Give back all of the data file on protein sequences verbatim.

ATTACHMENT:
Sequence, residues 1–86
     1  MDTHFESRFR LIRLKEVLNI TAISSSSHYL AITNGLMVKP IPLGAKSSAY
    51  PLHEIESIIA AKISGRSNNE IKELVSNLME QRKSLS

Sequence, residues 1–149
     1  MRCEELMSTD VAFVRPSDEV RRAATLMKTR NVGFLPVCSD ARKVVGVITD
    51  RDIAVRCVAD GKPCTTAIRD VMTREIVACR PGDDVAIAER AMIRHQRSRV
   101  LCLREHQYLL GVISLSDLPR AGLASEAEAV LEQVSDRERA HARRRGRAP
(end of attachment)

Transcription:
Sequence, residues 1–86
     1  MDTHFESRFR LIRLKEVLNI TAISSSSHYL AITNGLMVKP IPLGAKSSAY
    51  PLHEIESIIA AKISGRSNNE IKELVSNLME QRKSLS

Sequence, residues 1–149
     1  MRCEELMSTD VAFVRPSDEV RRAATLMKTR NVGFLPVCSD ARKVVGVITD
    51  RDIAVRCVAD GKPCTTAIRD VMTREIVACR PGDDVAIAER AMIRHQRSRV
   101  LCLREHQYLL GVISLSDLPR AGLASEAEAV LEQVSDRERA HARRRGRAP